Love, says Helen Fisher, is a neural system that activates the lateral orbitofrontal cortex, medial insula, and the caudate nucleus – a mere mammalian instinct that serves to motivate and energize us. During childbirth, the hypothalamus gland releases a hormone called oxytocin, which connects the bond from the child to the mother.
Fuck all that.
I learned love at a young age, around the alchemy in my mother’s kitchen, under the covers as she cracked the spines of storybooks. It wasn’t until I felt the smack of my heart against its ribcage, the crack-slap of a hand against my cheek that I really knew how to love. It must be true; it must be for my own good. They said this over and over and I would agree with a mouth dripping saltwater, believing none of it. Transgression became a nightly routine: eyes fixed on the wall, on the light, going through the five steps (slap, scream, silence, shame — i’m sorry). The apology was my cue to retreat at night, dipping my skin into warm water, running salt along the tub, watching anger suck itself down the drain. On the other side of the wall the shouting would echo, the grown-ups having their grown-up fight, young eyes not allowed behind this door. I often wondered when it would be my turn. Hopefully never, my mom said once when I asked her. Or maybe she said when you get a husband. I can’t remember which one it was. Does it matter? They mean the same thing.
Love is the thing growing in me now, a hard knot wormed into my soul, contempt and scorn and fire balled into one. The rot of affection. Old teeth that no longer bite. I asked her one night if she believed it hurt, the backlit glow from the stinky tofu place casting gasoline colours across the sheets. Love, she said, was just another four-letter word. I could think of a lot of other four letter words. Fist. Fuck. Fire. All of them grated, like the seesaw that was my family. Shove and shove back. Constant motion, each swing chipping off a little bit of my ten year old hair that I put in my mouth when I watched their first grown-up fight. It was all movement and no words. When the first tear dropped, my mom turned around immediately, her eyes going from cold and hard to narrow little slits, the dark look I learned to interpret as this is all your fault, though whether she meant me or my dad, I didn’t know. I was carried from my hiding spot back to room, where I sat in the bathtub for an hour and breathed lavender oil and didn’t resurface. I lived on that shit. After years of trying to put myself to sleep I developed an immunity, hid the bottle under my sink instead. One slap for saying I lost it. Another two if I didn’t find it.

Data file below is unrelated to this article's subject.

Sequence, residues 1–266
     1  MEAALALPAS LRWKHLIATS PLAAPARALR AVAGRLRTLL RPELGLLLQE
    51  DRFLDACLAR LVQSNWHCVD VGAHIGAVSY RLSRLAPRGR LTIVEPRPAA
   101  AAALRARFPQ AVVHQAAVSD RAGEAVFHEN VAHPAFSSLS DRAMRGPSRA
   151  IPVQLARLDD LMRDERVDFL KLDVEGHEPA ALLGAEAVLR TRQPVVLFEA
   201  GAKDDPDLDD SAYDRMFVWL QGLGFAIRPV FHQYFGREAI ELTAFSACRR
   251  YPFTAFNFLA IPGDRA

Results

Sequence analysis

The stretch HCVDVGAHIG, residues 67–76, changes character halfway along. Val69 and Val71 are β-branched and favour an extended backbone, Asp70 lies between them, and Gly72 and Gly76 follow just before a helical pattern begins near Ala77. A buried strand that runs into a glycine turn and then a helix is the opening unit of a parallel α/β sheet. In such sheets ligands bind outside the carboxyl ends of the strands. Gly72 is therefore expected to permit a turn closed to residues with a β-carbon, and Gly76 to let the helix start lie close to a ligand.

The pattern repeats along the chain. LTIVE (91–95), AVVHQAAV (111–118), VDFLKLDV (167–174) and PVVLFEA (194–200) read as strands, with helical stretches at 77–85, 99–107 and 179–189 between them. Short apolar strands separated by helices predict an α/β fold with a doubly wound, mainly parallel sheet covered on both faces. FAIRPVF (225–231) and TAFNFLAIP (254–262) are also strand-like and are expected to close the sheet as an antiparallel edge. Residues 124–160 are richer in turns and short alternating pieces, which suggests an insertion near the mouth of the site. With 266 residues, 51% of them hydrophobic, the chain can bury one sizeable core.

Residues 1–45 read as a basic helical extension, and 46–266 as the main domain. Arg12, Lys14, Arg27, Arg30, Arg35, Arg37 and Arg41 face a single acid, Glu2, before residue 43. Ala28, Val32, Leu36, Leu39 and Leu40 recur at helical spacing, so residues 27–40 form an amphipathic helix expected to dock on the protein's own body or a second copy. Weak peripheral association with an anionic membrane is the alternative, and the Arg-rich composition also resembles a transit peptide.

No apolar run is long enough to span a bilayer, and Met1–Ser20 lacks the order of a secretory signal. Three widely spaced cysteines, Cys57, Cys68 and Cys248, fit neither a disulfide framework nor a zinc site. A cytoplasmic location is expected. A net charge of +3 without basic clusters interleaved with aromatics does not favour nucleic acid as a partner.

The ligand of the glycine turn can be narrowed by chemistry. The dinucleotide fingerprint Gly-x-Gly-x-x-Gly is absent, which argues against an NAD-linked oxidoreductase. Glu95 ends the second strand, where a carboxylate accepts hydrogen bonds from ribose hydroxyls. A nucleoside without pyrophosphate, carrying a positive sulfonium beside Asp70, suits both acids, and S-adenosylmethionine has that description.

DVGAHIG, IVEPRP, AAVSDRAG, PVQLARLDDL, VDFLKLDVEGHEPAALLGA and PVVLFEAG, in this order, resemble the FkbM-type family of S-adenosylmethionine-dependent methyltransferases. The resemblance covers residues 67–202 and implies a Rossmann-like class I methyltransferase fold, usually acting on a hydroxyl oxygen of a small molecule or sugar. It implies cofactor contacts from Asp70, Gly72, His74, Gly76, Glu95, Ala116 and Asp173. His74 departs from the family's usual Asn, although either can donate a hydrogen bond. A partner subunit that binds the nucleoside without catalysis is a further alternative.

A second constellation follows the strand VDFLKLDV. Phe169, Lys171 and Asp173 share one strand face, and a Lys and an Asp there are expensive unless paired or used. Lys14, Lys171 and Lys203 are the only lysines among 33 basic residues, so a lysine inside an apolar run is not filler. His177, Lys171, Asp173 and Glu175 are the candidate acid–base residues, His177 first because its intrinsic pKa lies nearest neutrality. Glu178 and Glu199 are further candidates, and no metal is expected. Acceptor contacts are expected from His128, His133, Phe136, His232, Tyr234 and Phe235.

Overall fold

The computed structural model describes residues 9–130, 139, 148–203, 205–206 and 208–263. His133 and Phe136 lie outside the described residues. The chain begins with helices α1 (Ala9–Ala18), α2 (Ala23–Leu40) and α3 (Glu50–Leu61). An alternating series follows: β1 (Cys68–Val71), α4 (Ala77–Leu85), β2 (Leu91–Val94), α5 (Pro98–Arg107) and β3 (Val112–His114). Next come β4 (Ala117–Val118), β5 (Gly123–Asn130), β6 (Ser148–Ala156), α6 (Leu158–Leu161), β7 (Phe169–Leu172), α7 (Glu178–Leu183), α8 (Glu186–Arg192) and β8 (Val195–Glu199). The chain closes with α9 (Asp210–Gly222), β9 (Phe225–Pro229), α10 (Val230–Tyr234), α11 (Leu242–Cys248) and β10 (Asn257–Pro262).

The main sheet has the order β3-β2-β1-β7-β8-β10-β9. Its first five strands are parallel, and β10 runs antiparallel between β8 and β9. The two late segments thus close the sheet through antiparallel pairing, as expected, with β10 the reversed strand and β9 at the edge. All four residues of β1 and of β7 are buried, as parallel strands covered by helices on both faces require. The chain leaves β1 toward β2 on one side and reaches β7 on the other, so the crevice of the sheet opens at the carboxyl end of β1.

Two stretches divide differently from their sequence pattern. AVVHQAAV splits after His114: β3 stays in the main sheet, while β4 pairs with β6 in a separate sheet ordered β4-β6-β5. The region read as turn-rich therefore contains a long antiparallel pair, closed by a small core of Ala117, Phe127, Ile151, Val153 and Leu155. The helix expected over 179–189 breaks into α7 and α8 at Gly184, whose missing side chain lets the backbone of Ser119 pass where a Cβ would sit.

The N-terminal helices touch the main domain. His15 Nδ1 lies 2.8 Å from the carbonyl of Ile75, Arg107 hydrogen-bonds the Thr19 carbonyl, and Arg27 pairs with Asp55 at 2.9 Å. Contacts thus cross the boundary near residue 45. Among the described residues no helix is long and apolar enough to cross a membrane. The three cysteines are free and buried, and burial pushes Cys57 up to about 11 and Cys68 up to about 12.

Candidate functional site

Love, says everyone, is not meant to kill you. But it did. It did kill me. It killed me when I dove to the bottom of my bathtub, my spine scraping pink-ringed porcelain. It killed me when I hugged my knees to my breasts and watched water slide down the drain. I used to turn the tap just a millimetre and count the drops of water that leaked from the shower head. It killed me when I gripped the edge of the tub, wrapped a towel around my knees, thought about leaving. Going to my parents with a voice older than me, a voice that had never cried a day in its life, saying, this is wrong. I know what you’re trying to do and it’s making me hate you. Going downstairs at some ungodly hour and finding the kitchen scissors. What about a knife — no. Knives are too dangerous. Going to the storage closet in the basement to see what they would do if they found me missing. I thought about going. Mostly I was dead. Stripped of love, full of it. The tub was full of water when I dove in, a fish. When I climbed back out I had drank it all.
Love, my mother said once, is something I will always have. I will always love you. Damn you for thinking otherwise. How could you even think anything else? It’s my fault. I didn’t raise you right. Don’t worry. I’ll never leave your father. I know we fight a lot but I love him too damn much. I can’t divorce him. What would I be teaching you about being faithful if I did that? Don’t say I never taught you anything. Don’t say I never loved you.
I love you, mom.